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Charlotte was nominated for the Prize by senior colleagues at LSE, who describe the importance of her paper for the philosophy of physics in this way: "Chaos theory has often been hailed as the third revolution in physics in the 20th Century… From the beginning of chaos research until today, the unpredictability of chaos has been a central theme. However, it has long been unclear how exactly chaos impinges on our understanding of unpredictability. In particular, the question whether chaotic systems show a special kind of unpredictability, i.e. whether they are unpredictable in a way that other deterministic (or indeed indeterministic) systems are not, has not been answered satisfactorily for decades. The paper contains a lucid discussion of how to define chaos in a mathematically rigorous say. More specifically, it argues that chaos can be defined in terms of the mathematical notion of mixing. Based on this definition, she is able to clarify whether chaotic systems show a special kind of unpredictability… In this way she solved a profound problem which had plagued physicists and philosophers for decades."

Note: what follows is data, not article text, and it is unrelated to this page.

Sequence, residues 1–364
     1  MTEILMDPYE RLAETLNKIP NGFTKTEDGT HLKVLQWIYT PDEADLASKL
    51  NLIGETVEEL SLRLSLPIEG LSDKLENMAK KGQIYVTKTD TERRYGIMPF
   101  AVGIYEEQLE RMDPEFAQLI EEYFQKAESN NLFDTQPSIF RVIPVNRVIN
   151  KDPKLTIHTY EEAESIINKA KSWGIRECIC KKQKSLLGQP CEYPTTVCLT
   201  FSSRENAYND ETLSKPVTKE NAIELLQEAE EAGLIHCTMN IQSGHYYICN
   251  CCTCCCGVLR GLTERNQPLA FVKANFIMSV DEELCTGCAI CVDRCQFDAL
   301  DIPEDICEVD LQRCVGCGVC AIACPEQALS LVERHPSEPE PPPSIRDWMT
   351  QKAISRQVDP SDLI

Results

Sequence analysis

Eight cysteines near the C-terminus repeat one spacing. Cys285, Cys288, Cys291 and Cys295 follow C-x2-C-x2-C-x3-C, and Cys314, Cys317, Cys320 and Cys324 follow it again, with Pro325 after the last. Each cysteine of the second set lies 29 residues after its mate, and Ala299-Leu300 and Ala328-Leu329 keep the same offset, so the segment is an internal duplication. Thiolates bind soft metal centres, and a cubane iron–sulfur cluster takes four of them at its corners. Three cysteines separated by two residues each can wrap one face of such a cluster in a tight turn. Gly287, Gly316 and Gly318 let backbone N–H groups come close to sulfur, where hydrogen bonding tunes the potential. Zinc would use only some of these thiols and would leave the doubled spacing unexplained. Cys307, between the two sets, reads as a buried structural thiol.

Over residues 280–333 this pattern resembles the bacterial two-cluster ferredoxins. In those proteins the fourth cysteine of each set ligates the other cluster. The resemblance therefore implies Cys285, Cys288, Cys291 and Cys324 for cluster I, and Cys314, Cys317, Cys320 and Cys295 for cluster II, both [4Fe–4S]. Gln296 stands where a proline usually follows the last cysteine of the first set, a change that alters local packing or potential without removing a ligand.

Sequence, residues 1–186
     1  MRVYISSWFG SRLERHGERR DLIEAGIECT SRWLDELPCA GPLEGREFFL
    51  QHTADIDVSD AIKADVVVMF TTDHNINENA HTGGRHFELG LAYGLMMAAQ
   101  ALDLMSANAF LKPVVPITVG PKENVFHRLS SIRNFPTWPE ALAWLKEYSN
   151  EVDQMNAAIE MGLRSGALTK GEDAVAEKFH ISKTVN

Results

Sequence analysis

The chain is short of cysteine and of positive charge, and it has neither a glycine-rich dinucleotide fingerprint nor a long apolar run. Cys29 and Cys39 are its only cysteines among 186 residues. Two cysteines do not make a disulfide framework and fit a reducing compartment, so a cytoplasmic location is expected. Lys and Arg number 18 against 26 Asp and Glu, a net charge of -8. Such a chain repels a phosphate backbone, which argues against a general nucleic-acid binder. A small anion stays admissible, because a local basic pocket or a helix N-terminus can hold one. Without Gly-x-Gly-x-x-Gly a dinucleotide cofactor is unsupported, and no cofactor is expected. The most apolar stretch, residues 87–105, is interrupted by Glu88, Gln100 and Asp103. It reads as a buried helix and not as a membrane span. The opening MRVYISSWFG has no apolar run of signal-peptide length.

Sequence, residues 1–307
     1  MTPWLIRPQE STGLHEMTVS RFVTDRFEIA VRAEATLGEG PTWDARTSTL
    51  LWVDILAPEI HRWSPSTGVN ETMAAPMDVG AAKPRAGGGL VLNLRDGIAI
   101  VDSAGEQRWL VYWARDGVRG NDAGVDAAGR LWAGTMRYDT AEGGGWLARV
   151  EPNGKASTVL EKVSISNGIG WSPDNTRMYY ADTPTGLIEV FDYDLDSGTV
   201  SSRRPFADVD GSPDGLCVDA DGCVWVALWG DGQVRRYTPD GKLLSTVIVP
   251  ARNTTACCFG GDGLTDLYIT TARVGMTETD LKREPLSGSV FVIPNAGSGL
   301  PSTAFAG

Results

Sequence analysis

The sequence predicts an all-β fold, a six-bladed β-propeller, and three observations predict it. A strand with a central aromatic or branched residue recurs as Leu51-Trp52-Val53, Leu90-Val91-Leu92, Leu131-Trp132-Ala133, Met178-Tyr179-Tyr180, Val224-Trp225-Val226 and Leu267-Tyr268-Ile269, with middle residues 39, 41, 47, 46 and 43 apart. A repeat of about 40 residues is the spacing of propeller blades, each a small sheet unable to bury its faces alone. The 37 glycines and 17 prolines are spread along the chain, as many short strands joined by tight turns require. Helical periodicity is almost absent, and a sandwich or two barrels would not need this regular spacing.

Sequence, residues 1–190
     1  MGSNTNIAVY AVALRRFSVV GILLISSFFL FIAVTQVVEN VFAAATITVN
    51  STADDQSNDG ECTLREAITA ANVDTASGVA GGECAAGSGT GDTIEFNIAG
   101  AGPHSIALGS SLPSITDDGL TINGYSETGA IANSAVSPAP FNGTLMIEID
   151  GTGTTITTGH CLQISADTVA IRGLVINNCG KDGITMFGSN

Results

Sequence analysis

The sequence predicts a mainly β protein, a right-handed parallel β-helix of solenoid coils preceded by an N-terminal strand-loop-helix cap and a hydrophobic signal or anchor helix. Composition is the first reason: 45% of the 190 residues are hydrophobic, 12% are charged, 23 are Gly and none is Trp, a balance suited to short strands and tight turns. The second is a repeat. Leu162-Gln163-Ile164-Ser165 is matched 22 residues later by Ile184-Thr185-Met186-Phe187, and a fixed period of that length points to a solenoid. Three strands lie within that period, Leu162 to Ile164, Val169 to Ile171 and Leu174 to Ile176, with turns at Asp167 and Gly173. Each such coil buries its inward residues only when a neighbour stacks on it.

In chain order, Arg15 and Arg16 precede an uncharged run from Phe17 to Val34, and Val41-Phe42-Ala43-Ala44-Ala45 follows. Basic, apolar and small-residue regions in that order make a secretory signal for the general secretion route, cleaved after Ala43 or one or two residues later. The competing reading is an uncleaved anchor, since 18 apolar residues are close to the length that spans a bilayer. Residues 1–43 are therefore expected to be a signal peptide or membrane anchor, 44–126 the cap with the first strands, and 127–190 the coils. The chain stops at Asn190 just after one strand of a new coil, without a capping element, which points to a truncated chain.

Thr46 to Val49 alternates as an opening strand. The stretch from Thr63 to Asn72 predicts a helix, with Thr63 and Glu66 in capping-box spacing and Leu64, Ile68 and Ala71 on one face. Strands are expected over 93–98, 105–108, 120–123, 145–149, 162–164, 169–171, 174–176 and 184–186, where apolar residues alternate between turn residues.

Charlotte earned a Bachelor's degree in Mathematics in 2003 as well as Master's degrees in both Mathematics and Philosophy in 2006 from the University of Salzburg and a Ph.D. in Philosophy from the University of Cambridge in 2009. She was a Junior Research Fellow in The Queen's College and Faculty of Philosophy at Oxford University during 2009-10.